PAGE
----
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Tuesday, April 1

U.S. ground forces push toward Baghdad

By John Yaukey | GNS

Updated April 2, 11:25 a.m.

WASHINGTON - The ground campaign for Baghdad is at hand.

The Army's 3rd Infantry Division clashed Tuesday with Iraq's vaunted Republican Guard near Karbala, 50 miles southwest of Baghdad, in the first major ground assault against the troops charged with defending Baghdad. As of late Tuesday evening, the Pentagon had not released a casualty report.

The 3rd Infantry, moving north along the Euphrates River, engaged one of the Republican Guards' top units, the Medina Division, which had been positioned to defend the southern approach to Baghdad.

Air Force Gen. Richard Myers, chairman of the Joint Chiefs of Staff, said the Medina Division has been weakened by massive bombing raids to less than 50 percent capability.

The Medina Division distinguished itself as one of Iraq's fiercest units in 1986 defending the southern port city of Basra from Iranian forces after they invaded the Al Faw peninsula.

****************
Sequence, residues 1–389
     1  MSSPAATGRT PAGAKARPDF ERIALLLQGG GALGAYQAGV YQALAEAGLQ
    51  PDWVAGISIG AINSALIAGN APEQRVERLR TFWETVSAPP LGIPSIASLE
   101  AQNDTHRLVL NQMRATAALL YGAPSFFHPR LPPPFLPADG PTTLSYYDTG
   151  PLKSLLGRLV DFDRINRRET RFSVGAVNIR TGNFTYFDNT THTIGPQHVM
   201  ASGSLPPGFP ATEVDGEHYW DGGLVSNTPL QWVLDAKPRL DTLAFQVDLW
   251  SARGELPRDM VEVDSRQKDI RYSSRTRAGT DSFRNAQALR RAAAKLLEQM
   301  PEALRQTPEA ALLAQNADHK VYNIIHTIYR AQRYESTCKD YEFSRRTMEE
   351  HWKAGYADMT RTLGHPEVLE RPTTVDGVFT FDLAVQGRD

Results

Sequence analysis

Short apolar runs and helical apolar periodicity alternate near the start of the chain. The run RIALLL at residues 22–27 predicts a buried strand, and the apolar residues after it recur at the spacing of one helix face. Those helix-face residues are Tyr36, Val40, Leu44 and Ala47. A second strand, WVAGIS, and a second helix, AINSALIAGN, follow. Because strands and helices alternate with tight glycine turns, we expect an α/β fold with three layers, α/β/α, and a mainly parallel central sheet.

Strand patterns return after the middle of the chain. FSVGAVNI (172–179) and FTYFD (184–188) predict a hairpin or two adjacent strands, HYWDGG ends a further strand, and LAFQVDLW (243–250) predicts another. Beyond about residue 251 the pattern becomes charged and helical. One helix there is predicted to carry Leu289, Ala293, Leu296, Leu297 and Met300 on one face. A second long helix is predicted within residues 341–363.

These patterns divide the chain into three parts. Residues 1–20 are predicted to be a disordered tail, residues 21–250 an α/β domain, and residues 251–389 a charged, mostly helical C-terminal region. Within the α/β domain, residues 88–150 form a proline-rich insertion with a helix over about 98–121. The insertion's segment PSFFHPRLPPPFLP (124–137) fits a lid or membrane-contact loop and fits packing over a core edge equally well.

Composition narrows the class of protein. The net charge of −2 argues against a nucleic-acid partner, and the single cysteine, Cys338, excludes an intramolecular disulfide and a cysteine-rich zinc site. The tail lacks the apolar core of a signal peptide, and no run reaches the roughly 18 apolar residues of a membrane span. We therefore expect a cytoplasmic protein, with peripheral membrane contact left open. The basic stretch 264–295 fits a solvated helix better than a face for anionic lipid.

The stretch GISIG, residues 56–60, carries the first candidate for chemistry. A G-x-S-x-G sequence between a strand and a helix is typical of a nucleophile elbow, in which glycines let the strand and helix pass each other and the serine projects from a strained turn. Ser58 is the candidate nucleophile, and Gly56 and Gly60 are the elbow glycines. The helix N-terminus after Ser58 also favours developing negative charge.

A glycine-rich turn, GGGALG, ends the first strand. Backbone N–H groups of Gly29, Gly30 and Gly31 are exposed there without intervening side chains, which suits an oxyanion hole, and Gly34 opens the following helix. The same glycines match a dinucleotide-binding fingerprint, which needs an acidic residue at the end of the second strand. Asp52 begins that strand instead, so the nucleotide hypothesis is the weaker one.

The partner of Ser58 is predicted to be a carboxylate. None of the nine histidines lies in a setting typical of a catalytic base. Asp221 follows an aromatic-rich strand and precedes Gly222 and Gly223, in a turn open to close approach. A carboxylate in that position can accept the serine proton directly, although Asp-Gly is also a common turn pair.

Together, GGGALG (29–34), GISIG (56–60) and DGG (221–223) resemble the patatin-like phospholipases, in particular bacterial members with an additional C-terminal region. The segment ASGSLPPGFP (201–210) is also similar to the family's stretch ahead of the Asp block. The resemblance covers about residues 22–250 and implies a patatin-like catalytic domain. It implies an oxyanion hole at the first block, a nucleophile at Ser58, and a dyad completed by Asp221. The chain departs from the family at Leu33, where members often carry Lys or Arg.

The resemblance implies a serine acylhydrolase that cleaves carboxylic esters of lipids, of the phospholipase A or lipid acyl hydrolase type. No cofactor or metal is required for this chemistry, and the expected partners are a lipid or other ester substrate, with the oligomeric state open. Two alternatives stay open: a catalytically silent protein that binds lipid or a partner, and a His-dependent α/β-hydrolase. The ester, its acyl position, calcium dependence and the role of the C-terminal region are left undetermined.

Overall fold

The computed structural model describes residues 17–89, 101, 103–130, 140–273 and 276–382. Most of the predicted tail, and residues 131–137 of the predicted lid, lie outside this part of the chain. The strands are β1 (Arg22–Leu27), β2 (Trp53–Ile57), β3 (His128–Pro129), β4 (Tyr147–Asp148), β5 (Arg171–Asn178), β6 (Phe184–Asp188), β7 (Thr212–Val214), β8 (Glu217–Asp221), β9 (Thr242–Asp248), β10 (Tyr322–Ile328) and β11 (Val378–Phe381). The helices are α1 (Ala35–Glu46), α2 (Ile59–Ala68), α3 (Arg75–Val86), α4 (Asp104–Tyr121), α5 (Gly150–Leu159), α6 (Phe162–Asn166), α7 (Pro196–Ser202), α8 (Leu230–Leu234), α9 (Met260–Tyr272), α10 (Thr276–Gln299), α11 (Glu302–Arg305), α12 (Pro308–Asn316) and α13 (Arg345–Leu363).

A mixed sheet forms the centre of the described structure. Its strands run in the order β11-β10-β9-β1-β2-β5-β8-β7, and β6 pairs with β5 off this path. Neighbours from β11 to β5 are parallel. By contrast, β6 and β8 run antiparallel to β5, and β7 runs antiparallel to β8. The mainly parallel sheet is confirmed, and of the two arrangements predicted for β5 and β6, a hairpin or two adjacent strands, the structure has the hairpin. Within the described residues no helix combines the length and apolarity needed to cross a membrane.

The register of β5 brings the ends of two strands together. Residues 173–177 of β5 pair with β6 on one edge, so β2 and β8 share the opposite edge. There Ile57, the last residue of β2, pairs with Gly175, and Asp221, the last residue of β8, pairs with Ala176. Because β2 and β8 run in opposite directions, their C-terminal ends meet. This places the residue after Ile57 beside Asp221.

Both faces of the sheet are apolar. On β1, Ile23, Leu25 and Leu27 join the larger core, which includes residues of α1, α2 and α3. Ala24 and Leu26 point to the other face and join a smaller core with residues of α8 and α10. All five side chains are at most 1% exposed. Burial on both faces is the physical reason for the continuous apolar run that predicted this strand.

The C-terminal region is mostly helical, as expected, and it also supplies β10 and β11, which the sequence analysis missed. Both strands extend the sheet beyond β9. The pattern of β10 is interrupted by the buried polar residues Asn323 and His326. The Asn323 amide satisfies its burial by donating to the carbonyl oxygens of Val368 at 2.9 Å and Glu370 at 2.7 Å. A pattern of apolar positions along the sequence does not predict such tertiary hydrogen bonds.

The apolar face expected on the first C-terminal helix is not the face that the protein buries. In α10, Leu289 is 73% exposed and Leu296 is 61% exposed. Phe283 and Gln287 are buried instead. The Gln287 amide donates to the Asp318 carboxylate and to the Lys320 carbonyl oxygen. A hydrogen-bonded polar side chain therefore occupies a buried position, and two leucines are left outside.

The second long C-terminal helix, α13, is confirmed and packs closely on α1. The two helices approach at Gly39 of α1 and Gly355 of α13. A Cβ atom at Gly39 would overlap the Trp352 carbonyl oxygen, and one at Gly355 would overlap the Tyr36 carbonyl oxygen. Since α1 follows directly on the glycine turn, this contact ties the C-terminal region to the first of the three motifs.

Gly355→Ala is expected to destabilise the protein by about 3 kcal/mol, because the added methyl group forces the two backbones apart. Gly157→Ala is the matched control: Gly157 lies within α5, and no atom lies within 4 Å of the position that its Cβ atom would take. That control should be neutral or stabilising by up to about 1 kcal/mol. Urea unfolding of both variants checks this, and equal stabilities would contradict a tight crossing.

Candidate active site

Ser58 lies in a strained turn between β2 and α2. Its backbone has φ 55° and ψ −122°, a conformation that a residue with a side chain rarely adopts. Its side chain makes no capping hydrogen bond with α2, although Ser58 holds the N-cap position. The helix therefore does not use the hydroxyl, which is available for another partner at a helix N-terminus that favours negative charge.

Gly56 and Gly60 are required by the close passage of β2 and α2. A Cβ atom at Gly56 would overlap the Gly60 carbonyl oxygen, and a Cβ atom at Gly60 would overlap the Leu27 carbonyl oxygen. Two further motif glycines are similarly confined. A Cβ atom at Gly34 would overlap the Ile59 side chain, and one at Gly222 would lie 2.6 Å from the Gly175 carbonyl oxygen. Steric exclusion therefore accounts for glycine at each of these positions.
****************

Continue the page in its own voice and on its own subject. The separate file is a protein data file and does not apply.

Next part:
The hope is that Iraq's Medina Division can be smashed before it can retreat to Baghdad where coalition forces potentially face a brutal urban battle that could drag on for weeks.

Coalition forces may also have to take on the Republican Guard's elite Nebuchadnezzar and Hammarabi divisions before entering Baghdad. Some of the half dozen Republican Guard divisions were being moved this week in preparation for a coalition assault on Baghdad. Before the ground fighting began near Karbala, Defense Secretary Donald Rumsfeld said "the circle is closing" around Baghdad.

Earlier Tuesday, U.S. warplanes bombed Baghdad and its southern suburbs.

"These attacks were intended to create vulnerabilities in the Republican Guard defenses, and also to isolate the remaining pockets of resistance for destruction at a time of our choosing,'' Army Brig. Gen. Vincent Brooks told reporters in Doha, Qatar.